Case on Child Labour
Gap Admits Possible Child Labor Problem
Journalist Videotapes Conditions at Subcontractor Plant; Gap Official Tells ABC News, 'This Is Completely Unacceptable' By HILARY BROWN, LONDON, Oct. 28, 2007 The multi-billion dollar global fashion company Gap has admitted that it may have unknowingly used child labor in the production of a line of children's clothing in India. This followed allegations by an investigative reporter based in Delhi, whose story was splashed across two pages of the British paper The Observer on Sunday. ABC News obtained some of the video material he used to substantiate his story. It shows children who appeared to be between the ages of 10 and 13, stitching embroidered shirts in a crowded, dimly lit work-room. The video clearly shows a Gap label on the back of each garment. The reporter, Dan McDougall, said the children were working without pay as virtual slaves in filthy conditions, with a single, backed-up latrine and bowls of rice covered with flies. They slept on the roof, he said. Gap Inc. was quick to order a full investigation into the allegations and to re-iterate its policy never to use child labor in the production of its clothes. "This is completely unacceptable and we do not ever, ever condone any child laborer making our garments," said the president of Gap North America, Martha Hansen, on ABC News' "Good Morning America Weekend Edition" on Sunday morning. "We act swiftly," Hansen went on. "And quite honestly, I'm very grateful that this was brought to our attention."McDougall said the children seen working on the Gap clothing all came from the poor Indian state of Bihar, a favourite hunting ground for traffickers looking for cheap underage labor. Impoverished parents are tricked into selling their children for a few dollars with the empty promise that they will be well cared for and will send back their wages. "They had been trafficked by train," he said. "Its nickname is 'the child labor express.' At any time, you can see 80 children on this huge train. Most are trafficked to work in the garment industry, which is huge in New Delhi." Like many international companies, Gap Inc farms out huge production orders to subcontractors in the developing world, where child labor is virtually endemic. The company takes pride in its record of ethical out-sourcing and has almost 100 inspectors monitoring 2,700 factories worldwide, it says. But in India one of its suppliers evidently broke the rules.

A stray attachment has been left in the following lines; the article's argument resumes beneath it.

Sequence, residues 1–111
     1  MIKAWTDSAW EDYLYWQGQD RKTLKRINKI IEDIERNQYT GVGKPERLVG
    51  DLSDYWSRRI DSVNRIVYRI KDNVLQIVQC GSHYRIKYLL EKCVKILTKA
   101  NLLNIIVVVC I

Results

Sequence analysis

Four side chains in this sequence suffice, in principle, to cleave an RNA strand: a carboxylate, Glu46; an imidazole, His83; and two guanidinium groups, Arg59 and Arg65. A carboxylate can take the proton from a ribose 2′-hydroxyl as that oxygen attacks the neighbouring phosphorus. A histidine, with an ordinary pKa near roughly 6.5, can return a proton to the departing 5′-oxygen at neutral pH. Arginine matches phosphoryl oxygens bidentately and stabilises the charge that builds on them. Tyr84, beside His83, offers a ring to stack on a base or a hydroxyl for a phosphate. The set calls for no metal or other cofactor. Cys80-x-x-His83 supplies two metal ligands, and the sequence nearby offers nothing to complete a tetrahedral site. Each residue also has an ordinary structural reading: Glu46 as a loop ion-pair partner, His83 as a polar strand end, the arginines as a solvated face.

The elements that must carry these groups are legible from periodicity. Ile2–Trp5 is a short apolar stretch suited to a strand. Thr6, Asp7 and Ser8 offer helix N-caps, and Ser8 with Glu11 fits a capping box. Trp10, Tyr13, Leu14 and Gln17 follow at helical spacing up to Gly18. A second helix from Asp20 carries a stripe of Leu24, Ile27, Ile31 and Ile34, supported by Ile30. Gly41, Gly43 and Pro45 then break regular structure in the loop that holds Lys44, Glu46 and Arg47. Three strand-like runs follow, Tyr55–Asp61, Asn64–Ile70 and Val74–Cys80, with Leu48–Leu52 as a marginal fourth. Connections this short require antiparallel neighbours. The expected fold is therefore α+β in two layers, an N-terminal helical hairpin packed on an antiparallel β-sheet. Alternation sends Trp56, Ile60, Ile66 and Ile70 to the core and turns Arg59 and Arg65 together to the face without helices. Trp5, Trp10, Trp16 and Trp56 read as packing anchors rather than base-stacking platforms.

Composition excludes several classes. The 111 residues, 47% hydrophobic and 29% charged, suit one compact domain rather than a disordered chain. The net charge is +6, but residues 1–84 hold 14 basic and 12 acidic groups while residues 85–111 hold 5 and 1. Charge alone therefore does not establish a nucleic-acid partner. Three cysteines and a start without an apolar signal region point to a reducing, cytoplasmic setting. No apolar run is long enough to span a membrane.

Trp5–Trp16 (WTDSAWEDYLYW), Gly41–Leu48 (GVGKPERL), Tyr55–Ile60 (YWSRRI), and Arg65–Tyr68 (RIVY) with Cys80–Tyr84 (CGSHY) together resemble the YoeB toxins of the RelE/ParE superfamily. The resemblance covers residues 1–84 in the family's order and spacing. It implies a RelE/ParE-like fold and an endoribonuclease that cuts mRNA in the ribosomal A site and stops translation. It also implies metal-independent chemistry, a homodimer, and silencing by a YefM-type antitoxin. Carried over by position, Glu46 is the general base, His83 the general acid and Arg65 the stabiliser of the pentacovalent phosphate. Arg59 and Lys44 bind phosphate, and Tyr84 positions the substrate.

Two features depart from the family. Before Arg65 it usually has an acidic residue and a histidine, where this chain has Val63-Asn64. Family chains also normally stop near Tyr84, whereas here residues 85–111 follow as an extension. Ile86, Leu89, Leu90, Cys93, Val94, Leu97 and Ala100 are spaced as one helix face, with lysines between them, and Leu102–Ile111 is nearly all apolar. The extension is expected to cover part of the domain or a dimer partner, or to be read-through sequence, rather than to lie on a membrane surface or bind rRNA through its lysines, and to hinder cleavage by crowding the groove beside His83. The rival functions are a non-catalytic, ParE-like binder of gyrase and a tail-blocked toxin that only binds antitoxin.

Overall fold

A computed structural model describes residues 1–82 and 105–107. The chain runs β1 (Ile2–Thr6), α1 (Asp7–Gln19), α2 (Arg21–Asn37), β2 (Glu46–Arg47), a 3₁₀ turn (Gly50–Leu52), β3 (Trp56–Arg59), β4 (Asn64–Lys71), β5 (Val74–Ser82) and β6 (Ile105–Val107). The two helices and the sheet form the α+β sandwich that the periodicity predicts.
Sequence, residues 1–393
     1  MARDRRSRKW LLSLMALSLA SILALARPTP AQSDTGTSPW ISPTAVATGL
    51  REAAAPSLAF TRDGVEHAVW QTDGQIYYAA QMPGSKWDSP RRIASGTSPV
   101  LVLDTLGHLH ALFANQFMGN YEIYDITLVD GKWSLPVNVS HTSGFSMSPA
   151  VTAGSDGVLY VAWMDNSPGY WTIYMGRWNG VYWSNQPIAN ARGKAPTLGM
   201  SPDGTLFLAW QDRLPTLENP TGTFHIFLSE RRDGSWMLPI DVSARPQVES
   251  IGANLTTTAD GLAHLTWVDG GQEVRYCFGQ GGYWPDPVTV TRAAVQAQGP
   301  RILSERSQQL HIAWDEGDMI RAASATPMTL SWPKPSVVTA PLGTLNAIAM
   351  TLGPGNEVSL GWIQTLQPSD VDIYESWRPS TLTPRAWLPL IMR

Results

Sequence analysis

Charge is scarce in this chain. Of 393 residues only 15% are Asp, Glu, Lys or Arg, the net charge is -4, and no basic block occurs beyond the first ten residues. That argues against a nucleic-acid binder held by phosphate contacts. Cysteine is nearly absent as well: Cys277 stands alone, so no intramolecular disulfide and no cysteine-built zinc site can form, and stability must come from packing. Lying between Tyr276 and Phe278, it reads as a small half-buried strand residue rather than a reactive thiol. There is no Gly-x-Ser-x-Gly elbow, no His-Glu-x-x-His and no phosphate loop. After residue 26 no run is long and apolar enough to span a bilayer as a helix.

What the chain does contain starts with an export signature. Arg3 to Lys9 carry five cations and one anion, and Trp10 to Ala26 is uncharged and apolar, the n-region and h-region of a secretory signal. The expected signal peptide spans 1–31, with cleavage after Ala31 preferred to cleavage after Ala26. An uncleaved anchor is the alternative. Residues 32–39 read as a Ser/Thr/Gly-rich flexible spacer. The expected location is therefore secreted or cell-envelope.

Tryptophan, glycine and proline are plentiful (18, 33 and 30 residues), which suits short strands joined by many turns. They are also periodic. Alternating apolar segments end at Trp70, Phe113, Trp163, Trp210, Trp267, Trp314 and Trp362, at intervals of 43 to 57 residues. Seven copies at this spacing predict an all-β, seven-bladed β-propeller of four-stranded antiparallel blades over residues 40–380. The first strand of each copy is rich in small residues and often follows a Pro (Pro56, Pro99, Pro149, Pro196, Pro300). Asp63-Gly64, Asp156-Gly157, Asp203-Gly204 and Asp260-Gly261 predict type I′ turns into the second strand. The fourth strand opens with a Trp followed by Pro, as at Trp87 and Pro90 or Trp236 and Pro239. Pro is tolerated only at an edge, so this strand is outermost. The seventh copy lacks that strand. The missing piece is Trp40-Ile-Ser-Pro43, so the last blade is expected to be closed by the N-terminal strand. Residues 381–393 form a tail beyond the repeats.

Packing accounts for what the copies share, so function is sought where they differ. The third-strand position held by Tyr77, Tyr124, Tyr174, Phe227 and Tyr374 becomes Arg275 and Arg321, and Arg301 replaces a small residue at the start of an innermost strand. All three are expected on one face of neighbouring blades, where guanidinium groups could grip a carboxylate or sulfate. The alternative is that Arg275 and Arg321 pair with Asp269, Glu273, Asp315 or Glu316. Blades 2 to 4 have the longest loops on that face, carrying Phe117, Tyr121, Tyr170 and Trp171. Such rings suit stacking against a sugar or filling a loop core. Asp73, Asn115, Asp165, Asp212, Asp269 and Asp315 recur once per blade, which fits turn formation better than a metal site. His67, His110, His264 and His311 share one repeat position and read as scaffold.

Child sweatshop shame threatens Gap's ethical image
Dan McDougall ,The Observer, Sunday 28 October 2007 An Observer investigation into children making clothes has shocked the retail giant and may cause it to withdraw apparel ordered for Christmas Amitosh concentrates as he pulls the loops of thread through tiny plastic beads and sequins on the toddler's blouse he is making. Dripping with sweat, his hair is thinly coated in dust. In Hindi his name means 'happiness'. The hand-embroidered garment on which his tiny needle is working bears the distinctive logo of international fashion chain Gap. Amitosh is 10. The hardships that blight his young life, exposed by an undercover Observer investigation in the back streets of New Delhi, reveal a tragic consequence of the West's demand for cheap clothing. It exposes how, despite Gap's rigorous social audit systems launched in 2004 to weed out child labour in its production processes, the system is being abused by unscrupulous subcontractors. The result is that children, in this case working in conditions close to slavery, appear to still be making some of its clothes. Gap's own policy is that if it discovers children being used by contractors to make its clothes that contractor must remove the child from the workplace, provide it with access to schooling and a wage, and guarantee the opportunity of work on reaching a legal working age. It is a policy to stop the abuse of children. And in Amitosh's case it appears not to have succeeded....
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